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OPEC cuts won't affect local oil industry

Posted at 5:45 PM, Dec 16, 2019
and last updated 2019-12-16 19:28:35-05

CORPUS CHRISTI, Texas — Last week, the Organization of the Petroleum Exporting Countries (OPEC) and Russia agreed to temporarily cut oil production by 500,000 barrels of crude oil a day. The move is intended to reduce a global oil surplus caused by increased production here in America.

The Port of Corpus Christi is now moving record amounts of oil overseas. The Port's various partners are now loading a million barrels a day, thanks to new pipelines opening and bringing more oil to Corpus Christi from West Texas. It's numbers like those that have Port officials confident a decrease in foreign oil production won't have much effect locally.

“I think that's really testament to the emergence of the United States as the largest energy producer in the world,” said Port of Corpus Christi CEO Sean Strawbridge.

OPEC and its partners hoped production cuts would raise prices, and they did, but not by much. West Texas crude has only gone up a dollar a barrel since OPEC's announcement last week. Strawbridge doesn't expect much change between now and when OPEC’s cuts expire in March 2020.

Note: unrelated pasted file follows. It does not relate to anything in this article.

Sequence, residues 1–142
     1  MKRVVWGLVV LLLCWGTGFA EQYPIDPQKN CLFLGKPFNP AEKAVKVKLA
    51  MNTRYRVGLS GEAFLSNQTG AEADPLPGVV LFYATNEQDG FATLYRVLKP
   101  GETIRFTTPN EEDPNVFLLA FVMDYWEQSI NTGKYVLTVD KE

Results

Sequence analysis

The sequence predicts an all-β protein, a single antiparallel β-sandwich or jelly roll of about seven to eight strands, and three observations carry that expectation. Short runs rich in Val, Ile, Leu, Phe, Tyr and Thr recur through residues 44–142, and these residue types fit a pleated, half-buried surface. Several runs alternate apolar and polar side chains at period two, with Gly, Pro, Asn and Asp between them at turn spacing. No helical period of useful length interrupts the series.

“You will see a lot less price volatility as the United States continues to provide sufficient and significant supply to the international market,” said Strawbridge.

Strawbridge said the September drone attacks on Saudi Arabia’s largest oil field cut its production by half. Here at home, we never saw extreme price hikes, in part because oil exports here and through other American ports kept worldwide prices stable.

“Had that incident happened a mere 10 years ago or even less, we could have seen oil easily spike to over $100 a barrel,” said Strawbridge.

That’s good news for our growing local oil industry.

“The jobs that are created here locally in the Corpus Christi region, certainly in Texas, we think are going to remain pretty secure,” said Strawbridge.

OPEC plans to resume full production next March. If that happens, experts predict the price of oil will keep dropping.

West Texas crude traded at just over $60 a barrel Monday. Industry analysts predict that could drop into the low $40s if OPEC increases its production.